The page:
You had some great gore in the film, too. Which was your favorite effect and how was it done?
Special Effects-wise, my fave is probably the “eye gouge”. Overall, I put more of an emphasis on impact and aftermath than insertion. I think a cerebral approach often works because it forces the audience to fill in the blanks mentally, and it also demands more of you editorially, as you have to make the effect work in the cut. I concede that may be a tough sell for a generation weaned on the excesses of “Hostel” and the whole torture genre.
Tell us a bit about yourself. What are your influences and what got you in to film?
My influences are pretty much everything made in the 1970’s. Lol. I’m drawn more to character-driven material. I couldn’t list all my favorite films on a single webpage! The Godfather Part II, The Godfather, Taxi Driver, M., The Exorcist; the list goes on and on and on…
Film school: yes or no?
I have a BA in Film Theory, and wouldn’t rule anything out in the future education-wise.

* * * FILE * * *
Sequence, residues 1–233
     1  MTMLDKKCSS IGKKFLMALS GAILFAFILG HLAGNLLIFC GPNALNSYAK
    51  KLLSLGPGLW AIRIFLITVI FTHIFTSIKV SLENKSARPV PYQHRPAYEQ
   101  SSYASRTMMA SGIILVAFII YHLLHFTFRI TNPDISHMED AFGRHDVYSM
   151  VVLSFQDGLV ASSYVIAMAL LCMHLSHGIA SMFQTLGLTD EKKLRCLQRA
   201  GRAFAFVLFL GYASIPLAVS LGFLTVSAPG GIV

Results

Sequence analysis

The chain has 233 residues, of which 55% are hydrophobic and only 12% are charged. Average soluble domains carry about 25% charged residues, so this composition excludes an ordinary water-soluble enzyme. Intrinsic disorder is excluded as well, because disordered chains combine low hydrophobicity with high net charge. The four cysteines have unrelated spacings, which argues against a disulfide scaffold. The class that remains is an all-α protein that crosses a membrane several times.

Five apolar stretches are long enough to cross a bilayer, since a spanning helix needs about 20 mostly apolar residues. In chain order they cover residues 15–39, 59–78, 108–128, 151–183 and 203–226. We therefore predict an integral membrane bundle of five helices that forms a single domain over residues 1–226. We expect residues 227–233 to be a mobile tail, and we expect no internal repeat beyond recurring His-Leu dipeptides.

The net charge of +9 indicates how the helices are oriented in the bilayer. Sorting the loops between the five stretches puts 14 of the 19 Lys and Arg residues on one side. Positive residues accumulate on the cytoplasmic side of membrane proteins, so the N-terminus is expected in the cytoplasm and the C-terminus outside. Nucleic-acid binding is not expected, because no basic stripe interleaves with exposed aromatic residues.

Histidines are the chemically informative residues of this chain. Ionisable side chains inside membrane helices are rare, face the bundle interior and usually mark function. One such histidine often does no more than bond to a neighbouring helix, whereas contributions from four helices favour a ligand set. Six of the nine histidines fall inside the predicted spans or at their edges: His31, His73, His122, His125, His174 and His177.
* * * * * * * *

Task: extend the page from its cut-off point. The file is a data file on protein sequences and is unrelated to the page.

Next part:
When you set out to make “Intruder”, what was the goal? Was it to make money, were you trying to open doors, get into festivals… and did you accomplish what you set out to do?
My professional objective with “Intruder” was pretty straightforward: create a low-budget slasher for the home video market that would get me a grip on the first rung of the film business ladder. To that extent I have succeeded. And I had no conceit coming in as far as criticism or the quality of the film goes. Rip it apart! As long as it gets its day in court, and as long as it isn’t personal. It’s important to note that, regardless of the relative strength or weakness of a piece, if you have some capacity as an artist the right people will recognize it. This helps you get that elusive grip on that slippery rung.
I’m pleased that many seem to enjoy the film, however I’m more encouraged when fellow filmmakers and fans who may dislike the movie take the time to give me kudos for what I did right. It’s part of the birthing process. You come out, make a bunch of bad movies, and then make a brilliant one that gets you famous (fingers crossed… tightly!).
Maybe you could talk a bit about your decision to make a slasher film and what you did to make yours stand out.